Bella is very demanding & hard work at times. She's either 'full on' or asleep! She asks for - and gets a lot of attention from all of us, and cries if she doesn't get it! Saying all that, I wouldn't swap her for anything and she gives the best cuddles ever
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Old 11-14-2012, 07:31 PM   #5 (permalink)
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Buying from a good breeder is all important. They will have taken the time to consider the two dogs they are breeding together,by their pedigrees and temperaments.Health is not to be over looked all the dogs on the breeder's premises should look and act healthy you can't see whats underneath the fur but you get an idea. The puppies should be clean and react to the breeder's voice, where they want to be with him/her,not act afraid or subdued.Preferably the breeder should show some of her dogs,knowing you are not looking for a show dog but the pets will be high quality.Prices vary but reasonable breeders usually ask only what is reasonable for the pedigree the puppies have, some charge large and some not so large beware of puppies in the low hundreds $200.00 to $500.00 they may be poorer quality.Those asking thousands may not be worth it if the puppies are not champion sired,or have a champion dam. Deal with someone from the Basset Hound Club of Amercia they have a website. Good Luck
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Old 11-14-2012, 08:26 PM   #6 (permalink)
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If you have had one, rescue one, love it, forgive it for any short comings it may arrive with. Mine are not lazy, have taken extra time to house train, been relativley un destructine lovers!
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Old 11-14-2012, 08:47 PM   #7 (permalink)
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Welcome! I had to laugh as I started reading this thread (not at your questions!!!) Jake, my 13 yo is trying to snooze in the chair, however, my 4 mo is barking at him cause she wants to Play. She barks, he howls (only lasts a minute) then Miss Short Attention Span is off to a variety of toys and balls.

Jake is fairly lazy, then again, he is 13 and has earned it. He wasn't always lazy. However, you couldn't find a better tempered dog (with puppies and children) you can do just about anything to this dog. the only thing that freaks him out are fireworks and gun shots.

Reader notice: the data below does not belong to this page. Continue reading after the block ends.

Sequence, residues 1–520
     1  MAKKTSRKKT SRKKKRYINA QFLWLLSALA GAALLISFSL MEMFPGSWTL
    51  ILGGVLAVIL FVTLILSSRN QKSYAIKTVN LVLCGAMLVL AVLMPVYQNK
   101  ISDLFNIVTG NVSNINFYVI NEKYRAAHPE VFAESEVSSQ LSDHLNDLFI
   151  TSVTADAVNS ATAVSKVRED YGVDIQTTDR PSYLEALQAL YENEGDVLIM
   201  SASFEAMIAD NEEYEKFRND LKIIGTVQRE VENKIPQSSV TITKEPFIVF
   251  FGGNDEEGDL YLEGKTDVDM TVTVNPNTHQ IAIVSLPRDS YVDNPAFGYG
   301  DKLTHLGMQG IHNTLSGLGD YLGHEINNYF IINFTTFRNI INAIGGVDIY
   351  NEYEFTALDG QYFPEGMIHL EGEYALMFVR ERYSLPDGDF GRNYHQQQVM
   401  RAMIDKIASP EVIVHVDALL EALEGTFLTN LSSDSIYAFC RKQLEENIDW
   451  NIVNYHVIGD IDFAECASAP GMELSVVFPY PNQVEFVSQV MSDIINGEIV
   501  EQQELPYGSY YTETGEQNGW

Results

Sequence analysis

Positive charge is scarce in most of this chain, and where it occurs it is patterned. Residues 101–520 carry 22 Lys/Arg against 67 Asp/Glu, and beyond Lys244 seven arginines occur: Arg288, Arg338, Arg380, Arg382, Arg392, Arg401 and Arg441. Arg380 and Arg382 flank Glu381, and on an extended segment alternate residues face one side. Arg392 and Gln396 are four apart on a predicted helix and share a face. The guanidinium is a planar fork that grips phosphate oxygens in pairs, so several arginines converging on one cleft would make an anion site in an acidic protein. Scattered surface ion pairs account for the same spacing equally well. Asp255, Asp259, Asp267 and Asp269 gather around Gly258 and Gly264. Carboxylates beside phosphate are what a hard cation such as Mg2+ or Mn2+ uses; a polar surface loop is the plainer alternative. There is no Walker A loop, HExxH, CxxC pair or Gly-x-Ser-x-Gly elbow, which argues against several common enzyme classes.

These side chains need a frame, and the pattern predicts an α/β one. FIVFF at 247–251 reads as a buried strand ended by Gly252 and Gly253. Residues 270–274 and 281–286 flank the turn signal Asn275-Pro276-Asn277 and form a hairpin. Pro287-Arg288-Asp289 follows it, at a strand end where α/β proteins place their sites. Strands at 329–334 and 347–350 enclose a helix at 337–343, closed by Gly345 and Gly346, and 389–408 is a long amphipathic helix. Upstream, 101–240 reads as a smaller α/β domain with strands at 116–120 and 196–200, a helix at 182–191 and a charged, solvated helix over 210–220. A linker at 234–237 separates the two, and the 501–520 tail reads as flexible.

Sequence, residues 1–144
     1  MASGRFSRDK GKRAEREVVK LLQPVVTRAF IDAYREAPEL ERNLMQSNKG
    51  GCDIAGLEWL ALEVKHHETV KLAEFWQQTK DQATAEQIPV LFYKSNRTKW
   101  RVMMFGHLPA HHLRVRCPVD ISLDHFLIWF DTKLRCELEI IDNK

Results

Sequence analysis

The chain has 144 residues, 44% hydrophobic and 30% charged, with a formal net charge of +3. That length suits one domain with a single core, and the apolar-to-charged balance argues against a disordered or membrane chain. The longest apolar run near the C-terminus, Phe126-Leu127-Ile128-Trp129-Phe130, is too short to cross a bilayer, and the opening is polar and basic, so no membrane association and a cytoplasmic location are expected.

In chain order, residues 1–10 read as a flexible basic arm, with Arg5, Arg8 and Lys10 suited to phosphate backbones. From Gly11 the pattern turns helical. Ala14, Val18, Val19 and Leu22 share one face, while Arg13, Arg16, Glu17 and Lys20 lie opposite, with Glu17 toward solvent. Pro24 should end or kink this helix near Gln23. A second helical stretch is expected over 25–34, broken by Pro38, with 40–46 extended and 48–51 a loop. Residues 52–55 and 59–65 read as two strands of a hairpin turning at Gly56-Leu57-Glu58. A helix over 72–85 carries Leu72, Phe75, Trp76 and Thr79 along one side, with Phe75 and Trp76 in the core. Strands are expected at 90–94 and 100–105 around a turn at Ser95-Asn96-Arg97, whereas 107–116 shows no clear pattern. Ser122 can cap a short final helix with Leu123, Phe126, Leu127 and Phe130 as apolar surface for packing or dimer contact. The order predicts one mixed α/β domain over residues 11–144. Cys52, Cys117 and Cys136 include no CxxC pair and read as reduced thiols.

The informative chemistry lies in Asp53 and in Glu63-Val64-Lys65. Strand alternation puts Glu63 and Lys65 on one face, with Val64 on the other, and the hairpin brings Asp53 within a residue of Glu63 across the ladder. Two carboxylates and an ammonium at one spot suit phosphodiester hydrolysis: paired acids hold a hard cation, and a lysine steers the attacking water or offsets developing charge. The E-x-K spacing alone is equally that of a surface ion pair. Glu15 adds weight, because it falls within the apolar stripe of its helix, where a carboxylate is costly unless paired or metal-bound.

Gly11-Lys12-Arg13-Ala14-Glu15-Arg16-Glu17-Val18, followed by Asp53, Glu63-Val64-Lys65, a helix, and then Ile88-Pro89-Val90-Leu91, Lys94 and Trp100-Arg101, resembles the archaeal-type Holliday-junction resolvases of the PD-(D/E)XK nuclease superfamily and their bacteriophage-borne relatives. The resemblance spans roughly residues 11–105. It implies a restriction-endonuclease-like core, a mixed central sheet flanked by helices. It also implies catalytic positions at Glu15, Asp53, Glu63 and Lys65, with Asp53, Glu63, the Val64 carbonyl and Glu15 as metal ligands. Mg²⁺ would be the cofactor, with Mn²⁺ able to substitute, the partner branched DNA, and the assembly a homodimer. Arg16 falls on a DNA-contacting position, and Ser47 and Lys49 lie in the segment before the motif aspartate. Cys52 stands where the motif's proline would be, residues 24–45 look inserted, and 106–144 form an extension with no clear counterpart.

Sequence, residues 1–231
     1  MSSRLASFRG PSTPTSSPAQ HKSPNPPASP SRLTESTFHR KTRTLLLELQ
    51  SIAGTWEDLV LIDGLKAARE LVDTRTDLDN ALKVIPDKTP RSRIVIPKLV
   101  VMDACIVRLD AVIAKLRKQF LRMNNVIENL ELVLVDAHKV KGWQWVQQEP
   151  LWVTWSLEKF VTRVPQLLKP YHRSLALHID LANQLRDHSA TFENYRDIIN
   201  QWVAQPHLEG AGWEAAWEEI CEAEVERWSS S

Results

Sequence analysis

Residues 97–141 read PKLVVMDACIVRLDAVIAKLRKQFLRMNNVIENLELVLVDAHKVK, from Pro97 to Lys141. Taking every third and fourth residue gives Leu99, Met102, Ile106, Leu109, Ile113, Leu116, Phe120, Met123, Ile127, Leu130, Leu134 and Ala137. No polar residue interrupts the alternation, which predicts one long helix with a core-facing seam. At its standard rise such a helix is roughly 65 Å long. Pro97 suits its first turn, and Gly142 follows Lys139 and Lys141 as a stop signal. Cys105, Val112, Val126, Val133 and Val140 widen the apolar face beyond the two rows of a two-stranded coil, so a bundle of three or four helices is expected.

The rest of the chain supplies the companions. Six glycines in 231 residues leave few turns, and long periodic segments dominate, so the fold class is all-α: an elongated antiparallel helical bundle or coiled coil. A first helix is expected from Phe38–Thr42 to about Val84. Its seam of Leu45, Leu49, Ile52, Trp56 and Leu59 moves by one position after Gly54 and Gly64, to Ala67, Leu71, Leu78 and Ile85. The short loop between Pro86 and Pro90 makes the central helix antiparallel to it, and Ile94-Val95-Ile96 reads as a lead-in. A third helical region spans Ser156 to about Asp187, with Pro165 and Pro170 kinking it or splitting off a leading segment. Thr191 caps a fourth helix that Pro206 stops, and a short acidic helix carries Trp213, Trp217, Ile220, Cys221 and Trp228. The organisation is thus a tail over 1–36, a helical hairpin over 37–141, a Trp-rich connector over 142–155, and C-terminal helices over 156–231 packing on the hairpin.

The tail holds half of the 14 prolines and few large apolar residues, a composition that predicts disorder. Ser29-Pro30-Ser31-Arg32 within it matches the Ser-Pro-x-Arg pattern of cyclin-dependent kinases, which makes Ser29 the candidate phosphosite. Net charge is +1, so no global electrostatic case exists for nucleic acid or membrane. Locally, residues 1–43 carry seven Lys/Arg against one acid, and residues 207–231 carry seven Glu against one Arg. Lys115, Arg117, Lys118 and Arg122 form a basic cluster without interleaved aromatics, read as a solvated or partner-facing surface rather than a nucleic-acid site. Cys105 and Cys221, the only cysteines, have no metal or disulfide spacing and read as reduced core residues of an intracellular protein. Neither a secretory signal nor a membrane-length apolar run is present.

Ellie...lazy.... I am waiting for it!! She is either full tilt or dead asleep. Much like Bella!

Personally, I find bassets do "better" if they are not an only "dog". They miss each other if one has to go to the vet (or if even one gets to walk to the mailbox... they may not keep track, but they do take turns!)

I really don't remember how long it took Jake to settle down. He was fairly active but never a "bad" dog. Just liked to play, walk, explore (on a leash!) in our woods. He still has his Puppy Moments. I think Ellie helps keep him active.

Good luck, and if you are not ready for raising a "baby" (because it is much like that) definitely consider a rescue. There are a lot of great hounds (or any other breed) out there that were just dealt a crappy hand and our looking for a loving home.

My first dog (as an adult) was a Pound Puppy (Sophie - Sheph mix) couldn't have found a better dog. She learned quick, sweet as can be, protective when needed (not very often).
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Old 11-14-2012, 09:00 PM   #8 (permalink)
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I also ask that you consider the fact that bassets can truly mess up your home.
Their ears drag in mud and dirt, they drool and they shed.
I'm definitely not Susie Homemaker so I'm not bothered in the slightest but it can drive some people crazy.
Their personalities more than make up for the other stuff.
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Old 11-14-2012, 10:01 PM   #9 (permalink)
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With the shedding, drooling, getting into garbage, etc. they can be pretty messy. Some are also quite vocal, which I love but other people might find annoying.
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Old 11-15-2012, 06:34 AM   #10 (permalink)
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Don't get one if you have an unprotected cream coloured sofa, I have a lovely new cream coloured sofa, but nobody gets to see it because it has so many blankets and throws over it to protect it from huge muddy paws.

Basset's are a kind of you either love em or you hate em type of dog, and it's a whole lot easier to live with one if you have a Good sense of humour and a pocketful of cheese.